Trump's chief of staff John Kelly has read this grim WWI novel after every promotion since age 25
Shortly after he became an officer in the Marines, John Kelly met a captain who told him that he should approach his new position as "a real professional."
"A doctor who doesn't read peer articles and stay attuned to the developments in his field is not the kind of doctor you would want to go to, and the same is true for officers in the Marine Corps," the captain told him.
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"He got me going on reading, specifically focused on military things, and I just never stopped," Kelly said.
Kelly went on to become a four-star general, and President Donald Trump appointed him to chief of staff on July 31 to replace Reince Priebus. Previously, he led the Department of Homeland Security.
The Wall Street Journal reported Friday that Kelly picked up C.S. Forester's 1936 novel "The General" after accepting the role of chief of staff, just as he did after accepting the role of DHS chief six months prior — and just as he did every time he was promoted during and after his military career, since he was 25 (he is now 67).
It's essentially a parable about the dangers of patriotism and duty unaccompanied by critical thinking. Kelly went through it again to remind himself "of what to avoid as a leader," the Journal reported.
"The General" tells the fictional story of General Sir Herbert Curzon, a leader in the British Army during World War I. Curzon is an unremarkable man who attained his position of power largely through luck and the failings of the superiors who preceded him. He is eventually put in charge of 100,000 men during WWI, where he leads many of them to their death and loses his leg in the process. Despite his failings as a leader, he is lauded in his retirement as a military hero.
Harper CollinsForester, best known for his historical fiction about the British military, wrote "The General" to criticize a military culture that led to thousands of what he saw as unnecessary deaths in WWI. He believed that this culture was marked by a reckless close-mindedness and stubborn pride. They were not bad men; they were men who shunned critical thinking for a blind sense of patriotism.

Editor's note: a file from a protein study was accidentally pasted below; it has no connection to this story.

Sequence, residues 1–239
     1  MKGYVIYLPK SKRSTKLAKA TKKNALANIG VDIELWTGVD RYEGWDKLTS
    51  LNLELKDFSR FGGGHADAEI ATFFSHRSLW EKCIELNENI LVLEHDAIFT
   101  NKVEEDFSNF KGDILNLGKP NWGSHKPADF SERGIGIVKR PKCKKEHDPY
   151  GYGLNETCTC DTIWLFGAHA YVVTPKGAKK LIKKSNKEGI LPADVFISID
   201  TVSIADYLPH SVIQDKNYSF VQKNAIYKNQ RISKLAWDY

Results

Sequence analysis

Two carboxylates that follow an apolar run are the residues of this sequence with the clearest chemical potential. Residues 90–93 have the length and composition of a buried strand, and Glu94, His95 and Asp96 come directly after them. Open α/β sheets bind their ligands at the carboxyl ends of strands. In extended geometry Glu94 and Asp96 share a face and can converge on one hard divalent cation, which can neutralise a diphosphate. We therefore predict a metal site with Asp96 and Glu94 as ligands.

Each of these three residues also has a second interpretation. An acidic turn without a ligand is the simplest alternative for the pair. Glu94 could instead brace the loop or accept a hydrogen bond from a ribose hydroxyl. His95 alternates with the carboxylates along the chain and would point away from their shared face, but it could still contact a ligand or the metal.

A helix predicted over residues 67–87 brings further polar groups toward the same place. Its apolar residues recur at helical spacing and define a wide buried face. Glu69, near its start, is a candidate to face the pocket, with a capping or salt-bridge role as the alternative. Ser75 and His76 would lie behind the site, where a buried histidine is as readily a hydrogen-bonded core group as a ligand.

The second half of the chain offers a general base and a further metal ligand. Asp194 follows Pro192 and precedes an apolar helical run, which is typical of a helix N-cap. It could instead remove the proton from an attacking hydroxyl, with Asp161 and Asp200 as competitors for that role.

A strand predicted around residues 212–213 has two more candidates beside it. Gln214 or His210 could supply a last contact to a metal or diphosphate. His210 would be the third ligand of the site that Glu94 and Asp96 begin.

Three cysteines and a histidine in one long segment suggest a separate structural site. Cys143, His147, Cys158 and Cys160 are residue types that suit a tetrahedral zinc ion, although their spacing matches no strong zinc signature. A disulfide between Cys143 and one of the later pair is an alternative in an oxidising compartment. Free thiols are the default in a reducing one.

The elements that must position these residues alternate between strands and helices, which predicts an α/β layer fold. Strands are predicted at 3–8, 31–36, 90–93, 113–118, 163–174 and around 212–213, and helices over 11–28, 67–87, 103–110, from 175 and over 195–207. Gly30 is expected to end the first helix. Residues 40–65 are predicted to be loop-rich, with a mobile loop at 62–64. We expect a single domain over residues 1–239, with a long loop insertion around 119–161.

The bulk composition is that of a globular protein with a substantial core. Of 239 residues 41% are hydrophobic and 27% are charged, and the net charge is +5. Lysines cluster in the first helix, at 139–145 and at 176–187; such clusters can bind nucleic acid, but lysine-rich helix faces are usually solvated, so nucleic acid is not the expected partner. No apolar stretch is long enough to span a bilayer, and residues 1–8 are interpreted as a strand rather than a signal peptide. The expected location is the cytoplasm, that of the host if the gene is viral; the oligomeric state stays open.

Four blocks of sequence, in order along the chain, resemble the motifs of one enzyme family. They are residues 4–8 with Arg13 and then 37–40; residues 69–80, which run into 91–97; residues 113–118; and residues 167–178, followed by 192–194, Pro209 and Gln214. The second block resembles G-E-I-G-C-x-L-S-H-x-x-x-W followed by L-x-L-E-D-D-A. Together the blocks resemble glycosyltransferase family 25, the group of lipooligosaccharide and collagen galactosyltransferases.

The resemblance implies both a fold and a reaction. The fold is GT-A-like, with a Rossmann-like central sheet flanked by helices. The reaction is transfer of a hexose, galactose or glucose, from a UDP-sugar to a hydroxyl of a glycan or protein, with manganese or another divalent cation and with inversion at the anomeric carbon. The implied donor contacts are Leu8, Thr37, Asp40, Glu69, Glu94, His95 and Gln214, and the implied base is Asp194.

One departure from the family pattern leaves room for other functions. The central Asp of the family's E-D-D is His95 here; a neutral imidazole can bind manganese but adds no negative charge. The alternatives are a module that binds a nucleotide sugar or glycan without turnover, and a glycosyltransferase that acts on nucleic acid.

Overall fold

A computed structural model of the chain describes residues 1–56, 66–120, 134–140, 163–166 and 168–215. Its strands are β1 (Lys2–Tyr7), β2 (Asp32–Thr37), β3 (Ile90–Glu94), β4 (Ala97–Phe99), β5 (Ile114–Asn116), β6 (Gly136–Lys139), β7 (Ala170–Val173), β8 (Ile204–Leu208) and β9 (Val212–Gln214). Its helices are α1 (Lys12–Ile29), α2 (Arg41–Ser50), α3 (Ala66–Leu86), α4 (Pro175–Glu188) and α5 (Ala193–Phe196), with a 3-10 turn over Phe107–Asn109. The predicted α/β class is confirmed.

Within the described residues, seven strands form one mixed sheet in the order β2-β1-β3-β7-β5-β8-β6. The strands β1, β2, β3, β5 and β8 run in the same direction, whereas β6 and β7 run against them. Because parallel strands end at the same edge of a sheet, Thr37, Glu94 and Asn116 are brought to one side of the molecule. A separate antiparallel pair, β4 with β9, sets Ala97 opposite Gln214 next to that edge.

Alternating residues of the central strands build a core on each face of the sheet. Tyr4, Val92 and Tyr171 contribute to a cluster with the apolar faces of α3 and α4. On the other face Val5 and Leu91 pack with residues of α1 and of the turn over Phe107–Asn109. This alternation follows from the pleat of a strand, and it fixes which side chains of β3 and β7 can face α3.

"It might have been more advantageous for England if the British Army had not been quite so full of men of high rank who were so ready for responsibility, so unﬂinchingly devoted to their duty, so unmoved in the face of difﬁculty, of such unfaltering courage," Forester wrote.
When Kelly read the book as a young officer, he thought of his captain's words on leadership.
Describing Curzon, Kelly wrote in "The Leader's Bookshelf," "He is a brave guy, a dedicated guy, a noble guy, but a guy who in the end has become a corps commander — a three-star general — and when presented with an overwhelming German attack couldn't figure out how to deal with it because he'd never developed himself intellectually."
Every time Kelly has read the book, he wrote, he's noted where he was at that point in his life, and how the novel's lesson resonates with him.
He wrote that, "depending on as you get older and higher in rank, it's a different book every time you read it. When a lieutenant reads that book it's different from when a lieutenant general reads it. ... So it's just kind of a fun thing I've done over the years and with this book in particular just to remind me of the critical importance of thinking."
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